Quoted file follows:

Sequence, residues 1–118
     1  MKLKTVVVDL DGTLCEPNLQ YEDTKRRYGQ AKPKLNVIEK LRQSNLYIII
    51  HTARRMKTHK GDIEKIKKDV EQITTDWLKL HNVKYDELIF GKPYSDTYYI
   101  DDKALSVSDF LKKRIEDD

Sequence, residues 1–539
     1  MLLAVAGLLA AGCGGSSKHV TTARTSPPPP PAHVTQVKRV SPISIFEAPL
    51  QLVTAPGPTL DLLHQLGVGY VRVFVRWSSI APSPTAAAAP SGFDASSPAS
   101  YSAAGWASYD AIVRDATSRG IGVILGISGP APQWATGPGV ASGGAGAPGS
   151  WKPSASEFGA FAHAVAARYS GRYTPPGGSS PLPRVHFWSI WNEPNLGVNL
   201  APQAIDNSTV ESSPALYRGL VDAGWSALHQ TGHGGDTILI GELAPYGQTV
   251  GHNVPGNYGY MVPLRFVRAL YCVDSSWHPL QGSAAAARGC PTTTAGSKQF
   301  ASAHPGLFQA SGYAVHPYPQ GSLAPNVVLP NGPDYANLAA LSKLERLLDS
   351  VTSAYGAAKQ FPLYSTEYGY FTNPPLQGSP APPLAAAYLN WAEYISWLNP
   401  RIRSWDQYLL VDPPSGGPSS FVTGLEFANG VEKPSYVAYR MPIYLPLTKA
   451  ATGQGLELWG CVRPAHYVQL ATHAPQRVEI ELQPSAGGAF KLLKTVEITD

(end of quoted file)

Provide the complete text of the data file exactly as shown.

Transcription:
Sequence, residues 1–118
     1  MKLKTVVVDL DGTLCEPNLQ YEDTKRRYGQ AKPKLNVIEK LRQSNLYIII
    51  HTARRMKTHK GDIEKIKKDV EQITTDWLKL HNVKYDELIF GKPYSDTYYI
   101  DDKALSVSDF LKKRIEDD

Sequence, residues 1–539
     1  MLLAVAGLLA AGCGGSSKHV TTARTSPPPP PAHVTQVKRV SPISIFEAPL
    51  QLVTAPGPTL DLLHQLGVGY VRVFVRWSSI APSPTAAAAP SGFDASSPAS
   101  YSAAGWASYD AIVRDATSRG IGVILGISGP APQWATGPGV ASGGAGAPGS
   151  WKPSASEFGA FAHAVAARYS GRYTPPGGSS PLPRVHFWSI WNEPNLGVNL
   201  APQAIDNSTV ESSPALYRGL VDAGWSALHQ TGHGGDTILI GELAPYGQTV
   251  GHNVPGNYGY MVPLRFVRAL YCVDSSWHPL QGSAAAARGC PTTTAGSKQF
   301  ASAHPGLFQA SGYAVHPYPQ GSLAPNVVLP NGPDYANLAA LSKLERLLDS
   351  VTSAYGAAKQ FPLYSTEYGY FTNPPLQGSP APPLAAAYLN WAEYISWLNP
   401  RIRSWDQYLL VDPPSGGPSS FVTGLEFANG VEKPSYVAYR MPIYLPLTKA
   451  ATGQGLELWG CVRPAHYVQL ATHAPQRVEI ELQPSAGGAF KLLKTVEITD